Opinion Columns & Blogs

Retired Fort Benning personnel have become local leaders, economic contributors

Rufus Riggs
Rufus Riggs

Columbus has been, and will continue to be, the beneficiary of military personnel engaging in the economic growth and diversity of the citizens of the area. We have witnessed over the last two decades and beyond the number of retired service members who have blended into the political landscape, key leadership positions in the corporate sector and local government. We cannot put a price on the positive impact these members have on the work force. There is a plethora of experience in leadership, organizational skills and project management. Former Service members have held or currently hold key positions in Columbus, including mayor, city manager, department directors, division managers and other key positions in service to the city.

The Columbus community has had the good fortune and benefit of blending the community with people of divergent backgrounds, experience and languages. These military personnel bring their varied experiences and backgrounds into Columbus’ communities which we see in the diversity in our neighborhoods. The children grow up learning first hand that everyone doesn’t look the same, believe the same or experience the same things. Those of us who become adults before we are introduced to diversity, are deprived of experiencing or understanding the balance it takes to be a neighbor to our fellow man.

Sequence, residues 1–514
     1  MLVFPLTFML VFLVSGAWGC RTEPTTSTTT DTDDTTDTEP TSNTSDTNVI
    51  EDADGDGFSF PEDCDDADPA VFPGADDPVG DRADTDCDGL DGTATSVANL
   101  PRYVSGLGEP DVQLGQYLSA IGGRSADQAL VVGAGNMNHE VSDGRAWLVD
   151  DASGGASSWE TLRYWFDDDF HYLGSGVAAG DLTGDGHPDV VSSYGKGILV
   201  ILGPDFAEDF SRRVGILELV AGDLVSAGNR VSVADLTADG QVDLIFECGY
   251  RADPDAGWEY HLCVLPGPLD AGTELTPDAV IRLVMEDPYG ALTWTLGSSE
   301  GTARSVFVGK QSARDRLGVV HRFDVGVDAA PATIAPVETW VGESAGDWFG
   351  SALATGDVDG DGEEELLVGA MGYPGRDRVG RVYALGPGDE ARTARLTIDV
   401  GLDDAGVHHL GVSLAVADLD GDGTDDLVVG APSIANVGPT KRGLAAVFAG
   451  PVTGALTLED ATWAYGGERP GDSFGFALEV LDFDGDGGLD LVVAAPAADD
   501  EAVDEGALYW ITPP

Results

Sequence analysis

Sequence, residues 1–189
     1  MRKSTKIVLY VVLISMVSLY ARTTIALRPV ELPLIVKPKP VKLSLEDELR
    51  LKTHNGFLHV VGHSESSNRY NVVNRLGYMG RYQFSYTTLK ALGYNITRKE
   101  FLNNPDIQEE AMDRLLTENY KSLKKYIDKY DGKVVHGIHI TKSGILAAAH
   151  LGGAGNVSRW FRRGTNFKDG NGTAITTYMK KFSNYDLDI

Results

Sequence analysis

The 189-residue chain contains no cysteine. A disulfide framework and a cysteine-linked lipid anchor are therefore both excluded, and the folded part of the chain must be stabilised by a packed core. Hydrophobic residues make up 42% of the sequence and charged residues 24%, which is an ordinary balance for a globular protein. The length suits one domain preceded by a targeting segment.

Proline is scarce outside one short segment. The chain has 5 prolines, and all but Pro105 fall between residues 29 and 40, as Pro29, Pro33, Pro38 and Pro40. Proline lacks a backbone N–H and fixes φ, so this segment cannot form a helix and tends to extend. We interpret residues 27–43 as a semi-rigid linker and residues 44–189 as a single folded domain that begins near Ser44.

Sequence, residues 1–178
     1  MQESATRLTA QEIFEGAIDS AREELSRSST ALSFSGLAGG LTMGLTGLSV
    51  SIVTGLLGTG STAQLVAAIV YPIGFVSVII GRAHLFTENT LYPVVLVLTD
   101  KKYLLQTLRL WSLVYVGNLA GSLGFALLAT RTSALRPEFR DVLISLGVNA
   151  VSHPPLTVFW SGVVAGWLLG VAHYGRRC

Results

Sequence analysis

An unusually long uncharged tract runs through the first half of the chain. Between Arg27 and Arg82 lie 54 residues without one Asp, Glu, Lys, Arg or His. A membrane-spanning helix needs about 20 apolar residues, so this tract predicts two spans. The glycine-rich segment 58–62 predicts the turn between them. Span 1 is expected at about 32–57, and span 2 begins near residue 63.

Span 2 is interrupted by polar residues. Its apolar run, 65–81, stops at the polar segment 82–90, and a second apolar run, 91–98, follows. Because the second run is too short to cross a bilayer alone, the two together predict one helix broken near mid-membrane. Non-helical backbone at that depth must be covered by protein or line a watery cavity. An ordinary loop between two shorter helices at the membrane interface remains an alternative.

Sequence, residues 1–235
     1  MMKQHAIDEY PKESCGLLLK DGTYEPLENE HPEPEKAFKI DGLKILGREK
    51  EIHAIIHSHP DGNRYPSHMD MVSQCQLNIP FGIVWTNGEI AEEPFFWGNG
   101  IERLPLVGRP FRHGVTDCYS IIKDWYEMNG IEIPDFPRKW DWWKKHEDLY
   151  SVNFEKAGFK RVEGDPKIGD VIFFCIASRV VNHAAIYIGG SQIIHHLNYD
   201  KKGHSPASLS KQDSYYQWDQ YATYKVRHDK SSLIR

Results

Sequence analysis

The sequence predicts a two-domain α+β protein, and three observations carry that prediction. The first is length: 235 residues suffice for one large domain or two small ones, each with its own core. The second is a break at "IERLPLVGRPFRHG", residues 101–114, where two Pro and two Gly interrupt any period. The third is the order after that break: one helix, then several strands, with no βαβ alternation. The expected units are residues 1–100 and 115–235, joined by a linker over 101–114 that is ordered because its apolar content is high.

Fort Benning has a direct economic impact on Columbus. Retail sales in the area depend on soldiers and retirees to help their balance sheets. I don’t have statistics on what percentage of retail sales are directly related to soldiers and their families, but I do know that restaurants are busy with soldiers daily and especially on weekends. Soldiers purchase a large percentage of houses in the area, which affects property taxes and real estate sales. The Columbus community also has a large military retiree population that would perhaps not have retired here without the support they receive from Fort Benning. The support retiree get from Fort Benning’s Martin Army Community Hospital is essential to their health and economic well-being.

Traditions of the infantry

The infantry has a long and storied history. That tradition is lived daily with the training of infantry soldiers. The story of the infantry is on full display in the National Infantry Museum and Soldier Center. It is one of the must see sites for visitors. All of my friends and family not familiar with Fort Benning are taken there for a real close view of what it takes to become an infantry soldier, and the combat experience of infantry soldiers. When soldiers graduate from infantry training, one of the first places they take their families is the Infantry Museum and Soldier Center. All infantry soldiers are trained at the Infantry Training Center, which gives the newly trained soldier kinship with his/her branch of service.

The traditions and history of Fort Benning are ingrained in the fabric of the post. Many of the buildings, ranges and streets are named after many well-known army officers and enlisted men. These symbols are a reminder to all infantrymen and infantrywomen that the job of “closing with and destroying the enemy” is one which often requires one to sacrifice the most precious thing of all, which is life, for the freedoms we enjoy daily.

Rufus Riggs is a retired command sergeant major and retired director of the Columbus Public Works Department.